The Maltese  Falcon is a film noir mystery film. From the very beginning, there are many unknown factors: who killed Spade’s partner? Where is the missing girl, if she even exists? Who can Spade trust?  That being said, Spade doesn’t really have a chance to make many active decisions until halfway through the film. Until then, a revolving door of odd characters show up at his apartment and his office, pulling guns on him and tailing him wherever he goes.  This might seem strange that a detective does very little detecting, but remember: the story was originally a pulp story. I remember reading that one famous pulp author would count out his pages- if a certain number went by without any action, he would insert a pistol whip, a shot, an explosion, or a dead body into the story, just to liven things up. Why would there be a dead body or violent action? Doesn’t matter, the author would justify it later.  Pulps (and Dan Brown novels) depend on the hero being the subject of action- he could sit in his arm chair at home, and events would still find him, forcing him to react first, and to answer questions later.

Likewise, it is possible to have an RPG in which the characters spend most of the time reacting to events. This means you don’t have to ask them many questions, like, “where will you go next?” or “what’s your next step?” as the next step comes to them. This shows up a lot when running “on the rail” adventures, which is why “railed” adventures are commonly used with newbie groups. Gamers who are new to RPGs are likely overwhelmed enough by the rules and stats without throwing additional questions at them- all they have to do is react, until they feel comfortable.

The Question-full Game: Of course, you can also run a game based around entirely asking players questions. I know that Fate is a collaborative game, which requires the players to creating everything together; from the theme of the entire universe to the contents of a dirty linen closet.  At Gen Con, I remember asking for room ideas from my playgroups: I had some seasoned gamers blanch at the idea (as they were never been asked these things in D&D!) By the end, the players loved the idea, but there was definitely a learning curve. Once you get them going, I’ve seen a group take over the story completely, with the GM acting merely as the mediator. This gives players more chance to ACT, but less chance to react- as such, they spend more time building the world outside of their characters, and less time inside their character’s head, playing the character. Thus, a question is like breaking the fourth wall: on a subconscious level, the player is answering, not the character.

Easing Players In: To avoid shell-shock and not put players on the spot, here are a few tricks.

  • Start with little questions; instead of making them plan a giant caper from scratch, start with them brainstorming the items of a room.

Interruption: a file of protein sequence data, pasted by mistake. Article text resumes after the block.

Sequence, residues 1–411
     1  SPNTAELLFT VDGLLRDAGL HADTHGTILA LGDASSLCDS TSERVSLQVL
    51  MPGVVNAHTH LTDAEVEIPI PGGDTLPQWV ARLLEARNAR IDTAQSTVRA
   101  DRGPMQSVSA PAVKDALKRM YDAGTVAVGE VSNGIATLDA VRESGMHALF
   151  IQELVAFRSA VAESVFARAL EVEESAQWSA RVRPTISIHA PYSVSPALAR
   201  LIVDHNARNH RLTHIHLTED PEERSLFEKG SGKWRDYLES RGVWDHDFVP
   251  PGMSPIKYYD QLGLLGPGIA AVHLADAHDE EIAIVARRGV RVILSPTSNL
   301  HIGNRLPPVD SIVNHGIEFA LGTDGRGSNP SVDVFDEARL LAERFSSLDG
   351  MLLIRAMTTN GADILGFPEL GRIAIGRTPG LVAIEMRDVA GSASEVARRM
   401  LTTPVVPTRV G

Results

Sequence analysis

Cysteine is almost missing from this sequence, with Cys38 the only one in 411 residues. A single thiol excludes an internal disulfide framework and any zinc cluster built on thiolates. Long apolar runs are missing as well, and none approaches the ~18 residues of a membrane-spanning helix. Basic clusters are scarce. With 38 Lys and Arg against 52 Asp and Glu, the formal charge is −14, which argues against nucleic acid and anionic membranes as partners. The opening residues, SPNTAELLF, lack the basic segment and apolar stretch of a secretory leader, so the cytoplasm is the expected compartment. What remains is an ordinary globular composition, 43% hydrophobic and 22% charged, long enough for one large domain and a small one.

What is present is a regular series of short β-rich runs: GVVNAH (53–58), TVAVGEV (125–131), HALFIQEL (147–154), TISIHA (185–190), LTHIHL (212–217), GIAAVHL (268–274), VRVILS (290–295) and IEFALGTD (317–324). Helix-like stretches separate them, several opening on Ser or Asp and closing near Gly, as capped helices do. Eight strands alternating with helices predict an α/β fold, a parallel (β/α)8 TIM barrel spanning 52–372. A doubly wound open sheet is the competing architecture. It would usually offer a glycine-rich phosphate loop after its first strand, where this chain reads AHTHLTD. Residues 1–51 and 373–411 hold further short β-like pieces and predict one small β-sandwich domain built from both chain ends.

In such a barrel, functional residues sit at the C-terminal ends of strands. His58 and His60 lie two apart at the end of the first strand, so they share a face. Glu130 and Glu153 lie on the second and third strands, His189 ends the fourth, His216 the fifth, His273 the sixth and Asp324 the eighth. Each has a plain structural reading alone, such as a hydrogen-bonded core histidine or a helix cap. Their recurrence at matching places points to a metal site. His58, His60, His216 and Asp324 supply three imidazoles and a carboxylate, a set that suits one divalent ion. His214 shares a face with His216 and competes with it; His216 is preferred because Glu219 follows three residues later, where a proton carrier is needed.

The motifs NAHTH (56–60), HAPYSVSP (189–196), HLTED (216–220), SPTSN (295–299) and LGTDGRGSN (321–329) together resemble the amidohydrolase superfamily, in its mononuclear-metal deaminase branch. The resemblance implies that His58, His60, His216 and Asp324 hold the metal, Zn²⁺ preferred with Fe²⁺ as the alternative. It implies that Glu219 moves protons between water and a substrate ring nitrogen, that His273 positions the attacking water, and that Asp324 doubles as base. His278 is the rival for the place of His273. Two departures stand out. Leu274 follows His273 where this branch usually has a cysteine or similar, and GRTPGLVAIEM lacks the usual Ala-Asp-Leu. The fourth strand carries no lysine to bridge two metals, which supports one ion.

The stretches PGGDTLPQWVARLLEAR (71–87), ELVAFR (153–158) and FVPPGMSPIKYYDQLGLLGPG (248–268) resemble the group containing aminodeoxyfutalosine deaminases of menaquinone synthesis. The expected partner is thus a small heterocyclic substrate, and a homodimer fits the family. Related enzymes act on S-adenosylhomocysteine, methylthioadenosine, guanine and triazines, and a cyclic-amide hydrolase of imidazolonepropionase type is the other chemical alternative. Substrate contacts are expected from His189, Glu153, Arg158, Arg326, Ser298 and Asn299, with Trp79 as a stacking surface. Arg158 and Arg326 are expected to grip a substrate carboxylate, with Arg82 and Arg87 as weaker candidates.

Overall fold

•  Give examples first. “The room is dank and foul. You see a slimy bucket containing something that’s definitely not water, and an algae covered drain is in the floor. What else do you see?”
  •  Ask the group, rather than the individuals. For example, during the scene set-up, don’t call out individuals to come up with ideas- propose it to everyone at the same time, and let those who are feeling comfortable speak up.
  •  Give people time to think. If each player has to think about what their character will do (ex. “What kind of action will you take this turn?”), propose the question to all players at once, and let them respond as they will- this means players who are more confident will talk first, while those who are less comfortable and like taking their time get to answer after. This might mean bending the normal turn-order, or just tossing it out completely.


  • Gamers new to rpgs
  • Gamers new to a system
  • On the Rail Adventures (see “The Golden Rule” below)
  • Horror rpgs / Dramatic / Tragic rpgs – fewer questions gives the player less feeling of control and more time in the character’s head, making the danger all the sweeter.
  • Cooperative Games- all of the players are collected together into a solid team
  • Groups/ games that focus on the players being “in-character”


  • Fate Games
  • Campaigns with experienced players
  • Comedic Games – players get to spend more time setting up the joke, and feel less sensitive to having their characters be the butt of a joke.
  • World-Building Games– i.e. Games in which shaping the world is essential to the theme, such as games in which the characters are gods; my dungeon building game, Dungeon Tours.  Open-ended questions are jarring at first, but will remind them that they are in control.
  • Competitive / Cruel  Settings – If the setting involves characters regularly clashing with characters controlled by other players, then the more questions you can ask, the better. The more a player gets into the head of their character, the more likely they will take attacks against them personally.


So, whether you end up asking one question or one million, I suggest one golden rule; it harkens back to the “Never negate” rule I mentioned a few blogs back:

If you ask player a question, always be ready to go with their answer.